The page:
On November 8, 2002, NASDAQ LIFFE Markets, LLC ("NQLX"), a fifty-percent joint venture with The London International Financial Futures and Options Exchange (LIFFE), began listing futures contracts on individual equity securities. The joint venture is a wholly electronic exchange offering a broad range of futures contracts. NQLX is an independent exchange and uses LIFFE CONNECTTM, the world's most advanced derivatives trading system, as its trading platform.


Expenses

Total expenses decreased 9.5% in 2002 to $720.1 million from $796.1 million in 2001. Total expenses in the fourth quarter were $184.3 million versus $236.6 million in the year-earlier period, an improvement of 22.1%. Included in the improvement during 2002 was a higher expense-base in 2001 due to several adjustments related to NASDAQ's on-going separation from the NASD. Offsetting this in 2002, NASDAQ exited certain foreign investments and technology initiatives resulting in after-tax charges of $10.3 million in the second quarter of the year, and the recording of costs associated with NASDAQ's proposed separation from the NASD and associated transitional support costs to be funded to the American Stock Exchange ("Amex").

Direct Expenses
Direct expenses were down 7.1% in 2002 to $645.1 million from $694.3 million in 2001. In the fourth quarter, NASDAQ reduced direct expenses by 21.4% to $165.8 million from $210.9 million in the fourth quarter of 2001.

In 2002, NASDAQ continued to benefit from initiatives taken to reduce the fundamental costs required to run the business, namely:

  • Professional and contract services improved 6.1% in 2002 to $71.4 million primarily due to less reliance on outside contractors, with regard to NASDAQ's self-sufficiency efforts and a decrease in development costs associated with SuperMontage. This was partially offset by an increase in costs associated with NASDAQ's global initiatives, as well as, a 2.3% increase in professional and contract services to $22.1 million in the fourth quarter of the year as compared to the fourth quarter of 2001.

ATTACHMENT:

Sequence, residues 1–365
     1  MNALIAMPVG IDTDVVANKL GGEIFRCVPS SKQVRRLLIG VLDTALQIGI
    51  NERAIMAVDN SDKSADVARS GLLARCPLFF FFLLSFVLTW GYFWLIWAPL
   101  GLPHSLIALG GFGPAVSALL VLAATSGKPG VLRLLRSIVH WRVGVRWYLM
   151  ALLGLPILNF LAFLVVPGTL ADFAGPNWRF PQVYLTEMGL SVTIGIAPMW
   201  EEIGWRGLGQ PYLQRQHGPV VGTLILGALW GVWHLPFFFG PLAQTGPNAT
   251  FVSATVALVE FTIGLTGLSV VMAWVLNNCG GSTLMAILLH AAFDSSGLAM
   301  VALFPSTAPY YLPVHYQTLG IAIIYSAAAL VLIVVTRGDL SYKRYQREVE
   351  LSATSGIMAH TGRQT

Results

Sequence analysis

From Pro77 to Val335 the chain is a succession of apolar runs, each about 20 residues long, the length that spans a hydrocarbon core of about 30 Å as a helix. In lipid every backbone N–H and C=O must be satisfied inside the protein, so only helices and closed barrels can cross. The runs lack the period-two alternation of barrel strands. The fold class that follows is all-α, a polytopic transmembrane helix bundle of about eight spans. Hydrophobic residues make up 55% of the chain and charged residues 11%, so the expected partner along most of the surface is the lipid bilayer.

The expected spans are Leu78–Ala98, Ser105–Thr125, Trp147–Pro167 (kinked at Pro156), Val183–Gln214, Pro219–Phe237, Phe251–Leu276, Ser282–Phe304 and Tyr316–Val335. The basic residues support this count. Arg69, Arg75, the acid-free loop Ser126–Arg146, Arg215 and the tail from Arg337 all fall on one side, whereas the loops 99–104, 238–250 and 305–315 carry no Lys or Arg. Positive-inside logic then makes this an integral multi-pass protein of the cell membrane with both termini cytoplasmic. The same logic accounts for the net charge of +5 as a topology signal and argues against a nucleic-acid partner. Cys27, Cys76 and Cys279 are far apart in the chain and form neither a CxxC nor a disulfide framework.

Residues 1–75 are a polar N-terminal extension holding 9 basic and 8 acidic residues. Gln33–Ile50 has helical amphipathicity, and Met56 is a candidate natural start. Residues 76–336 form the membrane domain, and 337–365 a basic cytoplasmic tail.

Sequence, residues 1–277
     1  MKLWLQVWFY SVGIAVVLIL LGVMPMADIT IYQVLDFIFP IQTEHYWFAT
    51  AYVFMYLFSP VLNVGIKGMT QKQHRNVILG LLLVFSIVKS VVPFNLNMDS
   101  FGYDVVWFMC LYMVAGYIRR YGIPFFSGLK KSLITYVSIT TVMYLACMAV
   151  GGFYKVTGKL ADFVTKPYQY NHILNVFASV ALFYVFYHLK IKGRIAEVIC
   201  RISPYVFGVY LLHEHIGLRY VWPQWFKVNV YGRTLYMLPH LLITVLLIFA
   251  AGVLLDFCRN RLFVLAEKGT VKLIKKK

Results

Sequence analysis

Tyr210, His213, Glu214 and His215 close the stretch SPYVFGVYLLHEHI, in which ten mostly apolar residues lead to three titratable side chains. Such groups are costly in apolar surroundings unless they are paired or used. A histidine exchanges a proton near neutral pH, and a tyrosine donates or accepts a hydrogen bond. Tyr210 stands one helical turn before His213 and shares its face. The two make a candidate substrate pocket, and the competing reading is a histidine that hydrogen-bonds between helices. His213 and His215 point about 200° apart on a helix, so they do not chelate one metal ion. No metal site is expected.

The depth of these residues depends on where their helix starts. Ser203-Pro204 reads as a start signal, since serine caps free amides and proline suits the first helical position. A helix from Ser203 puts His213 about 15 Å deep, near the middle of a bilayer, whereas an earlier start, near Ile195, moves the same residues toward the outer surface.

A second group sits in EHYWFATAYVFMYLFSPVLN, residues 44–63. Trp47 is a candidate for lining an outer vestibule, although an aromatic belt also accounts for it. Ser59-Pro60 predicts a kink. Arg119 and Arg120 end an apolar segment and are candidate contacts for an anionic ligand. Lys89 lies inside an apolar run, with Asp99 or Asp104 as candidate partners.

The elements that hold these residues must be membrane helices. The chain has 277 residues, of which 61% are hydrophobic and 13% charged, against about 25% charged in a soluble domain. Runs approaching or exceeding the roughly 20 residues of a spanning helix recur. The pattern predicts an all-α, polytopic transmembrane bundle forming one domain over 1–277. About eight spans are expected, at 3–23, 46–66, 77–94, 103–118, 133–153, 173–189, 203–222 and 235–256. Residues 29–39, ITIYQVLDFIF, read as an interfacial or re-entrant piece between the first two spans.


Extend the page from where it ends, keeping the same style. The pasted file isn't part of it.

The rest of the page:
• Computer operations and data communication improved 15.8% in 2002 to $147.3 million, and improved 20.6% in the fourth quarter to $34.2 million as compared to the fourth quarter of 2001. The improvement was due to the renegotiation of certain key contracts during 2002.
  • Marketing and advertising, travel meetings and training, and publications supplies and postage decreased 5.9% in 2002 to $51.4 million. This was offset by a 16.2% increase in these expenses in the fourth quarter of 2002 to $20.1 million. The increase in the fourth quarter was primarily due to higher marketing and advertising expenses related to NASDAQ's planned "Listed on NASDAQ" marketing campaign, as well as, increased travel, meeting and training expenses compared to the fourth quarter of 2001.
  • Continued attention to headcount, which resulted in a 3.4% reduction in employees during 2002 as compared to 2001.

Offsetting these efficiencies during the year:

  • Compensation and benefits increased 4.9% in 2002 to $192.4 million reflecting NASDAQ's increased self-sufficiency and severance costs of $4.5 million associated with a targeted reduction in force, as well as additional benefit obligations. This full-year increase was tempered by lower overall compensation costs in the fourth quarter as NASDAQ realized the benefit of a reduction in force taken in the fourth quarter of 2001, resulting in a 4.2% decrease in compensation expenses to $50.0 million in the fourth quarter of 2002 as compared to the fourth quarter of 2001.
  • Depreciation and amortization increased 4.8% in 2002 to $97.9 million due to capacity and technology infrastructure improvements required to support market activity and new initiatives. This was offset slightly by a 12.0% decrease in depreciation and amortization in the fourth quarter to $22.7 million as compared to the fourth quarter of 2001. In addition, $2.8 million of additional depreciation and amortization expense was recognized in 2002 related to NASDAQ Europe, which was not consolidated until March 27, 2001.
  • Occupancy expense increased 26.5% in 2002 to $34.4 million and increased 35.6% in the fourth quarter to $9.9 million. This increase is due to the direct payment of occupancy expenses to third party vendors previously paid to NASD and recorded in support costs from related parties.

Support Costs from Related Parties
Support Costs from Related Parties decreased 26.3% in 2002 to $75.0 million, and fell 28.0% in the fourth quarter to $18.5 million. Two factors contribute to NASDAQ's support costs:

  • The first is related to the regulatory role that NASD performs for The NASDAQ Stock Market, Inc.
  • The second is related to the support functions that the NASD has traditionally provided NASDAQ.